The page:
PRISTINA, Serbia-Montenegro, Sept 28 (AFP) -
NATO is committed to upholding security in Kosovo and does not expect any escalation of violence during long-awaited talks on the final status of the Serbian province, US Admiral Harry Ulrich said Wednesday.
"NATO is absolutely committed to providing a safe and secure environment for all citizens here," Ulrich said during a one-day visit to Kosovo.
Admiral Ulrich, who is commander of NATOs joint force command based in Naples, met with officials from the NATO-led peacekeeping mission in Kosovo (KFOR), the United Nations Mission (UNMIK) and senior local officials.
"KFOR will carry out its mission," the US Admiral said, stressing that he "absolutely" did not expect any escalation of the situation during the talks, which are expected to start in the coming weeks.
As Commander of the Allied Joint Force Command Naples, Admiral Ulrich currently has operational responsibility for NATO missions in the Balkans, Iraq and the Mediterranean.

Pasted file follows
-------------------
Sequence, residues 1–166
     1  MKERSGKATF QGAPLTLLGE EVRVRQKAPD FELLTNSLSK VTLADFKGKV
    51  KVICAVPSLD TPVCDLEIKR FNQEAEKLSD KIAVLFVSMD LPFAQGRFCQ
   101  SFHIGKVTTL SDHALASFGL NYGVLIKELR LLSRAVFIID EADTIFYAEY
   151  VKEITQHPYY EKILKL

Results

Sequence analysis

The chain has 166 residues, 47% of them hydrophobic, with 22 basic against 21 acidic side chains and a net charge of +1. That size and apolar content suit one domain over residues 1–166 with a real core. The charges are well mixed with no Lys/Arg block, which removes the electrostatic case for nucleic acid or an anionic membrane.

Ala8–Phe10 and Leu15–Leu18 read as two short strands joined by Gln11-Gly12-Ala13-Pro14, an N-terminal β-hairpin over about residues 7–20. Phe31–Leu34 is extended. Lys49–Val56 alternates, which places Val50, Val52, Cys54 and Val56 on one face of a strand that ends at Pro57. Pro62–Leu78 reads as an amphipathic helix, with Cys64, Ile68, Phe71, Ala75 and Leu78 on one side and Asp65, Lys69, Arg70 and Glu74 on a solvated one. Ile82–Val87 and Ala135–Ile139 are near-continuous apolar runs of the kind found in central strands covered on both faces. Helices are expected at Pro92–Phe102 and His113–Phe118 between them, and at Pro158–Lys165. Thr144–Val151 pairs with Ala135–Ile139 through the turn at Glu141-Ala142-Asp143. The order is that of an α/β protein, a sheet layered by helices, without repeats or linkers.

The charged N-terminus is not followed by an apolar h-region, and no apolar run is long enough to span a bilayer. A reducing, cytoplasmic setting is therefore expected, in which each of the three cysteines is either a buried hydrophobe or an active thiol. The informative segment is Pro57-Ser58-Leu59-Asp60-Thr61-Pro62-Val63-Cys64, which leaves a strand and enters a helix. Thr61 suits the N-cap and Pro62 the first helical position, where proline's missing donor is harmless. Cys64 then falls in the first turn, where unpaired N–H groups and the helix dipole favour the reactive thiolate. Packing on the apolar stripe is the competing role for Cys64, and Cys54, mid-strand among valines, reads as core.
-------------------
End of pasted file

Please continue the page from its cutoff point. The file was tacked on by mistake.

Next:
Over 17,000 NATO-led peacekeepers from 35 nations are responsible for peace and security in the UN run province.
Albanian-majority Kosovo came under United Nations control in June 1999 after NATO forces bombed Yugoslavia for 78 days in a bid to end a brutal crackdown by Serb forces on separatist Albanians.
The key issue in the status negotiations, finally taking place more than six years after the Kosovo war ended, is whether or not the Serbian province should be allowed to become independent.
Pristina says it is not even willing to discuss the subject with Belgrade, which remains vehemently opposed to any form of independence.